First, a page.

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‘Justice League Dark #8’ (review)

Written by James T Tynion IV
Illustrated by Alvaro Martinez Bueno,
and Raúl Fernández
Published by DC Comics

 
“I think… I think we’re safe.  The horror’s ended.”

“No Bobo… I’m afraid it has only begun.”

 
Alright-y, now we’re getting somewhere.

There’s a lot to love about this issue, as it careens from one enjoyable scene to another, in a story arc that builds to a particularly satisfying conclusion.

It’s something that author James Tynion does well, interweaving narrative threads like this, and he’s been laying the groundwork for this month’s showcase of his talents for some time, so be prepared to enjoy yourself.

We know already, from the title page and the front cover (featuring the return of Alvara Martinez Bueno, Huzzah!), that Doctor Fate has a lot to do with that ending so I’m not spoiling anything to say so.

This is only the first chapter of the story-arc however, so this issue is all about the set-up. And finally, everything seems to tie together.

The team’s been hanging on, but just barely.

Wonder Woman and Zatanna are in the field, trying to stem the tide of encroaching Otherkind, while simultaneously tracking down Mordru. Which is not a popular agenda, and may go some way to explaining why more of the Justice League isn’t at this point involved in the impending catastrophe… because something has to.

OK, well, there is that little matter of how things ended with Hecate, which somehow has, within the magical community anyway, put the blame for the Otherkind fully on Wonder Woman’s shoulders. Irrational as all these magic-types can be.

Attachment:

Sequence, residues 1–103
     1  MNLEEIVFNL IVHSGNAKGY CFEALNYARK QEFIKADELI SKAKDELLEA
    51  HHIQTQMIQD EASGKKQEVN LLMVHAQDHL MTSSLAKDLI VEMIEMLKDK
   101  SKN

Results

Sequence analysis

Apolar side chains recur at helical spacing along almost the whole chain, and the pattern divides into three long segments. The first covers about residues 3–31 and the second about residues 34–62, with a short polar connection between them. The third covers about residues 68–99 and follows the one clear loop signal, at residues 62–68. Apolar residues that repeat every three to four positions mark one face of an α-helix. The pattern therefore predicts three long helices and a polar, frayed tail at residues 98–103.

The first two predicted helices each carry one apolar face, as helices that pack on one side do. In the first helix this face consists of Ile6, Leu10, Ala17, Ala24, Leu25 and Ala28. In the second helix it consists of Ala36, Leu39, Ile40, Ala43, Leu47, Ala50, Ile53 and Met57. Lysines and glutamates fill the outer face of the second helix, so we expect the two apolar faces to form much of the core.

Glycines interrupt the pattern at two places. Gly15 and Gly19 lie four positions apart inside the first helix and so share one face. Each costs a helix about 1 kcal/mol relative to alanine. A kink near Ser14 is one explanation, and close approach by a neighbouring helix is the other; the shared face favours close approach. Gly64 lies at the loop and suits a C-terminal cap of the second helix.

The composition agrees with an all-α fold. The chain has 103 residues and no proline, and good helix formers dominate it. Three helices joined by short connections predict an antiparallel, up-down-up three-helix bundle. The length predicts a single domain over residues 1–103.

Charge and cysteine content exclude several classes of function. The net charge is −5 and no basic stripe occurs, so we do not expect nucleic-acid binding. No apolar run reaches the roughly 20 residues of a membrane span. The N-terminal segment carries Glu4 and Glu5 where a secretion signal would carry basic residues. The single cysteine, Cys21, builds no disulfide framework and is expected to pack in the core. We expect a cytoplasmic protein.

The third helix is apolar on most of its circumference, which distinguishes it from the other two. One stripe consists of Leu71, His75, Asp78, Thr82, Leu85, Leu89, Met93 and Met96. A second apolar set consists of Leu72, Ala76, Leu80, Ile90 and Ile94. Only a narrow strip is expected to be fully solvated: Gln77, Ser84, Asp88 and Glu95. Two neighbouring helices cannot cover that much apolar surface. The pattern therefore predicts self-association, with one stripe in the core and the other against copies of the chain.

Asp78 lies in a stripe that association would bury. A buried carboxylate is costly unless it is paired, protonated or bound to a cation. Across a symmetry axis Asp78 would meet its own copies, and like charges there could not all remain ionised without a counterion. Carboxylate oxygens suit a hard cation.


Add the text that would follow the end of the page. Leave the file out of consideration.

Zatanna is playing with fire herself lately too, as she’s thrown caution to the wind and is using her magic at full force now. Despite the dangers of doing so – as much, it seems, due to the debts she’s been risking, as the threat of any further incursions from the Otherkind.

Makes you wonder just what her ‘fateful role’ in the coming crisis is going to end up looking like…

Constantine, as we know, has been taken of the board. Along with the Dark One himself, which has sent the Hosts of Heavens and Hell both into full retreat, because apparently even the Presence is alarmed by the Otherkind.

(Um… Really? OK. Hm. Little more explanation maybe? – Where’s Grant Morrison’s cosmology chops when you need them?)

Bobo and Swamp Thing meanwhile are busy holding down the fort at the Oblivion Bar where the whole of the remaining magical community has been gathering, in full terrified retreat of the Otherkind and the horrors they’ve been perpetrating across their domains.

All of this, again, makes for a number of enjoyable scenes, but it’s the storyline of Dr. Kirk Langstrom you want to keep your eye on. It seems the rest of the team has been concerned by Man-bat’s journaling obsession with the Otherkind, and so they’ve sequestered him in the Hall of Justice, away from his labs and alone with… a full compendium of magical grimoires.

That suits Kirk just fine, as there’s a certain young man trapped in an urn from Dr. Fate’s tower he’s been trying to emancipate, and his enforced downtime seems opportune to begin his own foray into the Dark Arts.

Good thing too, because when young Master is finally returned to us, it’s with an understanding of what’s coming. What’s been coming all along apparently.

Because all of what’s unfolding now has been anticipated it seems, perhaps even orchestrated, from the very start. And as everything seems to fall into place – in really, a rather orderly fashion, one might say – it seems the entire magical community and our team, are in for something of a rude shock.

One with a particularly satisfying conclusion.

Good luck gang.

Game on.

Next Issue: Madness in the Method

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